Suddenly finding herself unemployed, Reichl worried that she and her (obviously very loving, financially successful and unerringly supportive) husband would not be able to keep both their Manhattan apartment AND the “little country house” in upstate New York unless she was able to find another job.  Photographs of “the little country house” and the grounds upon which it sits would seem like heaven to most of us.  I would gladly have given up the New York pad, content to look out my country window at the magnificent million-dollar view.  But that is me.  Ruth, however, “entered the land of grief” (Yes, gentle readers..."land of grief") as her colleagues were beginning to find jobs and recover.  She, on the other hand, “looked into the future seeing endless empty days, incapable of imaging how my life would ever change.”  She actually insinuated she feared she would “end up alone and homeless.”  This from a woman known widely in the publishing industry, with a vast array of influential friends, a loving family, and who was already a best-selling author.  She is interviewed by Anderson Cooper; she attends Yo-Yo Ma concerts, she travels.  Still, life is bleak until one makes Cranberry-Pecan Crostata which perhaps will make it worth living - for a short period of time.  I had gotten to page 61 at this point and was tempted to throw the book against the wall…instead I read on.

            It is mid-February and Gourmet has been defunct for several months; she is feeling especially depressed.  Out there, in the “real world, people were doing big things, thinking big thoughts, living big lives.”  She felt “marginalized” and couldn’t help “thinking about the life I might be living.”  At this point, I am overcome with the sudden urge to grab this tedious woman by the shoulders, look into her eyes, and ask her, "Do you really want to think about the life you might be living?  Let me enlighten you, Ruthie.  You might be living a life in a wheelchair or one filled with the despair of poverty and ignorance.  You might be living a life where the grief you feel is not from losing your "huge office overlooking Times Square", but rather consists of the grief that comes with burying a child.  You might be living a life where there is no loving supportive husband to be your companion and friend.  Nor any dream of being lucky enough to own a "little house in the country" or anyplace else for that matter.  Or, you might be living a life filled with an unsinkable positive attitude and appreciation for how truly fortunate - even blessed - you have been."  Maybe I would have borrowed that great Cher line from Moonstruck and yelled, "Snap out of it!"  Through all this angst, she is cooking up a storm – for you see, she has a memoir-cookbook in the making – the very one for which I would expend a precious book token - and which I do not love.  And when added with all the other readers who aren't doing big things or thinking big thoughts, we will make it a little easier for you to keep that little place in upstate New York and that great Manhattan pad.  And allow you to continue to think and do "big."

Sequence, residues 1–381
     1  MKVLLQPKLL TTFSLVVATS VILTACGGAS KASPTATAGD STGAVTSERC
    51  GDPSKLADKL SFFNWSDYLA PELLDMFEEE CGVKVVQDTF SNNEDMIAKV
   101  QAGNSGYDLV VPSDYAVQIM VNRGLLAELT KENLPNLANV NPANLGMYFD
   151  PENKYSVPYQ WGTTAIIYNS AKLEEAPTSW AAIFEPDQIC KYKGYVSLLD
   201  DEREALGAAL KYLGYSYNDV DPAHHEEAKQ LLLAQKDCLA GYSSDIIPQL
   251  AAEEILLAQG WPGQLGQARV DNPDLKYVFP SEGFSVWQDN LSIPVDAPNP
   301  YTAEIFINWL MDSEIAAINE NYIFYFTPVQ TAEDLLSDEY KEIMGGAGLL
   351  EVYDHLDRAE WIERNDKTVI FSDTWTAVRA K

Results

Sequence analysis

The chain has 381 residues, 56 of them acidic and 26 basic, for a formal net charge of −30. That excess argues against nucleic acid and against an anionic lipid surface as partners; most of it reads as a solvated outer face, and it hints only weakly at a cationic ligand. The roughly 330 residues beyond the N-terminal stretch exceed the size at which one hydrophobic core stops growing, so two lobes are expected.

I had finally had enough. 

Ms. Reichl is a fine writer, there is no taking that away from her.  There are some very workable recipes in the book; delicious even.  And, to be fair, after a full year of soul-searching, ingredient shopping, party giving, romantic evenings with her husband, and long walks in the woods, she comes to the revelation that her life is pretty damn good after all.  Something that many of us already knew.  One wonders why it took her so long.